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Foot Infections

 Do not wait until is to late!

Visit a Podiatrist


  • Yellowish crusting
  • Pain
  • Swelling
  • Redness or red streaks in the surrounding area
  • Warmth
  • Tenderness
  • Pus
  • Fever
  • Blisters
  • Skin sore or ulcer
  • Itching
  • Scaling

Foot infection can be painful and certainly can be ugly, particularly during the summer when feet are exposed.

A foot infection can invade part or the entire foot often due to an injury or an open wound. It can be bacterial, fungal, or viral in nature.

Check for the telltale symptoms such as pain, inflammation, and pus.  The point of this topic is to be sure the public realizes that foot infections require prompt treatment to prevent the infection from spreading and to prevent the infection causing serious or long-term health problems.  Your podiatrist should be contacted quickly when you recognize your foot is infected.


Foot infections can be caused by virus, bacteria, or fungi. An existing injury or open wound makes the foot vulnerable to different bacteria and viruses that may enter the body through a skin opening. It is very easy for the foot to pick up bacteria and viruses.  You should realize that even a little cut can easily get infected.

Fungal infections, however, tend to occur differently. Most fungal infections are caused by direct skin contact with contaminated surfaces commonly found in public places and crowded areas. These infections are also contagious and can be easily spread by skin contact. Fungal infections can also easily spread from the foot to another part of the body.

Infections of the foot are also identified depending on the specific part of the foot is affected.


When left untreated, infection can worsen and may even cause widespread infection in the body.  The culprit is bacteria. Bacterial infection can spread very easily, and may begin in the skin and penetrate the deeper layers of soft tissue, bone, and even the blood, causing blood poisoning or septicaemia.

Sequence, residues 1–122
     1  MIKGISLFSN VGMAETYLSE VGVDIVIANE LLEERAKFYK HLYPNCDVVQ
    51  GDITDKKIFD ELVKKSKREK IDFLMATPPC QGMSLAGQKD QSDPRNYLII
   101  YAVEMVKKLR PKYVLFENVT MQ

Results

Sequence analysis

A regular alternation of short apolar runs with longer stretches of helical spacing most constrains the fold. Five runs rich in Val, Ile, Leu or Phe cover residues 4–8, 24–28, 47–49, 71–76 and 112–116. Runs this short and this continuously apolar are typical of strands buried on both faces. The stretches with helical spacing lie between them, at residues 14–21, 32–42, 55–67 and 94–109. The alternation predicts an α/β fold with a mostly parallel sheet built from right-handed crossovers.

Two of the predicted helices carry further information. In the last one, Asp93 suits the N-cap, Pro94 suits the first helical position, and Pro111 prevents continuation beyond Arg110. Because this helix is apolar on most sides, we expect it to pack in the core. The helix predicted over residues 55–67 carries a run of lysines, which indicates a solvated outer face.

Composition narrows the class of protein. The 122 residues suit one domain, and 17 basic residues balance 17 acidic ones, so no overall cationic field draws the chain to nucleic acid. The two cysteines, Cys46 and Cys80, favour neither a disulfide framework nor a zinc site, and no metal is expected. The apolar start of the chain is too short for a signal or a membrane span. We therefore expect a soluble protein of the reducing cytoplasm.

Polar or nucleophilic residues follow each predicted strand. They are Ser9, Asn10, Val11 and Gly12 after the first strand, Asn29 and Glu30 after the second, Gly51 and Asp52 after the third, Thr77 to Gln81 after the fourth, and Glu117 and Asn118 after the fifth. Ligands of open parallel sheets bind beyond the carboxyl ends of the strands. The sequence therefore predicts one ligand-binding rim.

The different types of foot infections --  classified as either soft tissue or bone infections -- include:

  • CellulitisBacterial infection of the skin
  • Athlete’s footFungal infection of the skin
  • AbscessAccumulation of pus in the deeper tissues of the foot
  • Septic arthritisInfection of the joint
  • Septic bursitisInfection of the bursa
  • OsteomyelitisInfection of the bone
  • Nail infections

Risk Factors

There are certain risk factors that may increase a person’s likelihood of getting a foot infection. These include:

  • Underlying diseases People who are suffering from underlying conditions such as diabetes are more prone to foot infections.
  • Existing injury  -- People who may have already sustained an injury or have a foot wound.
  • Exposure to contaminated areas This is a common risk factor for people who spend a lot of time in warm, moist public places, such as locker rooms and swimming pools.


When signs of a foot infection are observed, a person can visit a family doctor or the podiatrist nearest them for the most appropriate treatment.  Serious infections require prompt treatment, so it is still best to consult a medical professional.  Infections of the foot are initially treated with medications, such as antibiotics, antiviral, and anti-fungal ointments or oral medicines. When caught early, there is a very low risk of serious complications and a high success rate. Most of the time, the treatment period lasts only 7 to 10 days. 


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OPMA | Ontario Podiatric Medical Association

P.O. Box 87538 Thornhill Square RPO

300 John Street Markham, ON L3T7R3

Tel: 905-475-3098 


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